Cotton Comes Down, Sheets Go Up
Jeff Linville -- Furniture Today, July 19, 2012
NEW YORK - Cotton prices have come down significantly, but the raw material cost is still on the minds of suppliers of sheets and pillowcases.
The influx of more poly in cotton/poly blends, the use of all--microfibers and other alternative fabrics, and the use of varying qualities of cotton that became part of the landscape in the last few markets are still in play and not likely to disappear too quickly. In fact, makers faced with rising costs got busy tooling with blends and constructions and taking a look at solutions-based design to keep the category alive and find their niche in the marketplace.
In the end, after the roller coaster ride for cotton, results for sheets and pillowcases show a 1.4% increase in sales, closely mirroring other bedding results in HTT's Database series.
"In the last few years, we put a lot into designs using alternative fabrics and looking at cotton quality," said Shay Zamir, vp, merchandising, Divatex. "You have to be more creative." For Divatex, part of that was delivering on color and translating ready-to-wear accents such as lace.
"Retailers are working their way back to 100% cotton in 200 thread count programs," noted Frank Snow, vp, merchandising, Royal Linens. "But you're not going to see the high jumps back to 600 to 700 thread counts." According to Snow, the promotional goods in microfibers "hit the high watermark." For Royal Linens, recent market successes included its Vintage Comfort line of 100% cotton prints, as well as its growing kids' lines.
"Our estimates show sheets as a category was up ... and business at Alok was very strong," said Arun Agarwaal, ceo, Alok Industries. "As basic a category as sheets are, when raw material prices went up, the technology aspect become more important," he said. "We at Alok used our apparel knowledge and introduced features to enhance hand, feel, color. We also created patented fit technologies." Another thing on trend, according to Agarwaal: a return to bonus pillowcases.
Working on the higher end of the marketplace, Jim Vivacqua, director of marketing, Legacy Linens, noted that the company "adjusted prices for cotton very late in the game" and didn't run to change its constructions. Embellishments, trims and new colors that combine brights with neutrals - corals with warm greys, for instance - are gaining ground. The company is also focusing on more "user friendly" products that are softer and in lighter weights.
Some suppliers are navigating the sheets category with performance and solutions as the focus of their product story. As temperature control has captured the utility bedding category, it is now moving into sheets and pillowcases.
"We're doing a lot about temperature control; there is an emphasis on overall health and wellness and sleeping in a comfortable environment," noted Jeremy Wooten, coo, HomeTex. HomeTex produced microfiber offerings, rayon/nylon blends and other constructions as cotton soared. "We continue to push the constructions and believe there is still opportunity there, but do see blending cotton back into the mix," he said. Home-Tex plans to open a New York showroom this coming fall, he added.
"The category for performance and solutions based attributes is strong and growing," noted Dan Harris, vp, marketing & product development DesignWeave. The company has two licenses at the core of its offerings: Outlast technology that works in balancing temperatures; and Cocona, which absorbs and controls moisture to help keep sleepers comfortable.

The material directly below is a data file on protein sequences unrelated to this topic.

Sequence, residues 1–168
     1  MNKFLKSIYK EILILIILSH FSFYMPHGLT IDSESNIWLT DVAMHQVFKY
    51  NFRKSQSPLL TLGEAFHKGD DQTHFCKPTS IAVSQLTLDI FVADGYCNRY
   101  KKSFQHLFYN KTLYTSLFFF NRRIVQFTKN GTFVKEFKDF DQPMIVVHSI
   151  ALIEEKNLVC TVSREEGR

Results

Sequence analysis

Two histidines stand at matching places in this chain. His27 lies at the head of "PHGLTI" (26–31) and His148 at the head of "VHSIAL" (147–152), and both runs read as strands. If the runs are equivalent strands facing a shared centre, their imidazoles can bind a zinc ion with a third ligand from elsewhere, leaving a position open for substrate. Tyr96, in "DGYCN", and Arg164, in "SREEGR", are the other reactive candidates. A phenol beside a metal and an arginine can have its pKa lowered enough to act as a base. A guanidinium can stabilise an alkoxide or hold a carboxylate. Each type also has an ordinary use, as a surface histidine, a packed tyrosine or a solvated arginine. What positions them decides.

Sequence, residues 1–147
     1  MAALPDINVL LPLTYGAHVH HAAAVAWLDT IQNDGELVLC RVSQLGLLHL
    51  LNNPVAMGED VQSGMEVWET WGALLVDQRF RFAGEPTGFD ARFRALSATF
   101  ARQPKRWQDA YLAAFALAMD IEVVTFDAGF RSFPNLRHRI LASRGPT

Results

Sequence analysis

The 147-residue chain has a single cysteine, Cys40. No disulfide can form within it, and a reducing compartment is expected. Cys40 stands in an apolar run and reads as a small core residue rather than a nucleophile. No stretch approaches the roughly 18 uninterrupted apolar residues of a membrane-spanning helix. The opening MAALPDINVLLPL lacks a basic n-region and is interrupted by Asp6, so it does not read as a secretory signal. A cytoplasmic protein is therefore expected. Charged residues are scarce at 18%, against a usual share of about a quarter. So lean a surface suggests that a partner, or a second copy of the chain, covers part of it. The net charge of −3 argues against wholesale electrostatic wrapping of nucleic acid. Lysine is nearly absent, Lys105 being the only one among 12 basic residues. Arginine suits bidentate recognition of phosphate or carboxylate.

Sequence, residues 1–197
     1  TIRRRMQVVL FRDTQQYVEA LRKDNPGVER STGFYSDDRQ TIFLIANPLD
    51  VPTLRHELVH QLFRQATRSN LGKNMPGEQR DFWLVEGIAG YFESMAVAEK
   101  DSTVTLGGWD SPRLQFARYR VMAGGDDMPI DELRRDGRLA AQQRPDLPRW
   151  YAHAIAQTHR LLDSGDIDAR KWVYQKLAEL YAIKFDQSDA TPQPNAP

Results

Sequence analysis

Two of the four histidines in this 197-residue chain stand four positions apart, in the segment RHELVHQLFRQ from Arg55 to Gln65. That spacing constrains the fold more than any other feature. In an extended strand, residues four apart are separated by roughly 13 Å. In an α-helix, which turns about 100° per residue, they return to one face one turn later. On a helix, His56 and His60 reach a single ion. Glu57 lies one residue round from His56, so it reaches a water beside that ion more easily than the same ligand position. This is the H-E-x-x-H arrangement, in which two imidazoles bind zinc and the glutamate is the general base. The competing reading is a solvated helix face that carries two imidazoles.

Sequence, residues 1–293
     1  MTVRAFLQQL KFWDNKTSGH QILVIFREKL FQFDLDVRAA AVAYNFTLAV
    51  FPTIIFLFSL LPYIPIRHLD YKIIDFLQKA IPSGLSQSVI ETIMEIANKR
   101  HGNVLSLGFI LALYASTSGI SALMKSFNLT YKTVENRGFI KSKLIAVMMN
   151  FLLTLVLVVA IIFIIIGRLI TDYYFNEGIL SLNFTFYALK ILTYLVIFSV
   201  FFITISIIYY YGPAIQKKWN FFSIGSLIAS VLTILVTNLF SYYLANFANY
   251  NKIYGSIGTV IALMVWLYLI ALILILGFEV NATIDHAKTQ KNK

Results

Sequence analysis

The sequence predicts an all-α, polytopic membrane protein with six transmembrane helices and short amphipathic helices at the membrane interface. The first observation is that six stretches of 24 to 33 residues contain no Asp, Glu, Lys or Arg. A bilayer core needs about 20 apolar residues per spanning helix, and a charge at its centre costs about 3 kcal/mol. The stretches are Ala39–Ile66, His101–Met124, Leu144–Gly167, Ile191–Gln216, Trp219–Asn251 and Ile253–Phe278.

Fiber producer Lenzing is also seeing growth in its business as sheet makers continue to look at new options for blends and constructions. "Everyone one has a 300 thread count offering but there is little flexibility in that offering," said Nina Nadash, home textiles merchandiser, Lenzing. "With a product like MicroModal with the Edelweiss process, it brings additional features to sheeting and is uniquely branded to really distinguish itself." Nadash noted that Lenzing's growth has also come from non-traditional retail sectors, including the military and hospitality arena.
As HTT's research shows, for retailers sheets and pillowcases were a mixed bag. On everyone's mind is JC Penney and how its changes will ultimately impact not only sheets, but all home textile categories. Offpricers and e-tailing continue to do well, as do warehouse clubs. "[Off-pricers] love the tough times," noted Snow.
The dot-com business is still flying on all cylinders. "It's a big part of our marketing," noted Harris of DesignWeave. "The internet makes it easier for retailers to test products; they don't have to make as large a commitment. If it does well online, they will often move it to brick and mortar."
Despite an economy that is still moving slowly, for the most part, sheets and pillowcase makers are looking forward to the year ahead.
"I'm very optimistic going forward," said Nadash of Lenzing. "There are still a lot of constructions and blends that have not been executed with our fiber portfolio. There is still a lot of opportunity for makers to really stand out."
"Our mantra is ‘keep producing quality product," noted Agarwaal of Alok. "A same thread count sheet can differ in many ways in quality. In 2012 we are acquiring substantial brand rights and that should help us extend our distribution channels."
"Given the economy, we're not expecting a barn burner year," noted Harris of Design Weave, but we're confident about the year going forward."
Industry Related Content
Furniture Today's Ray Allegrezza Speaks with Stephen Bogart about Fine Furniture's New Bogart Line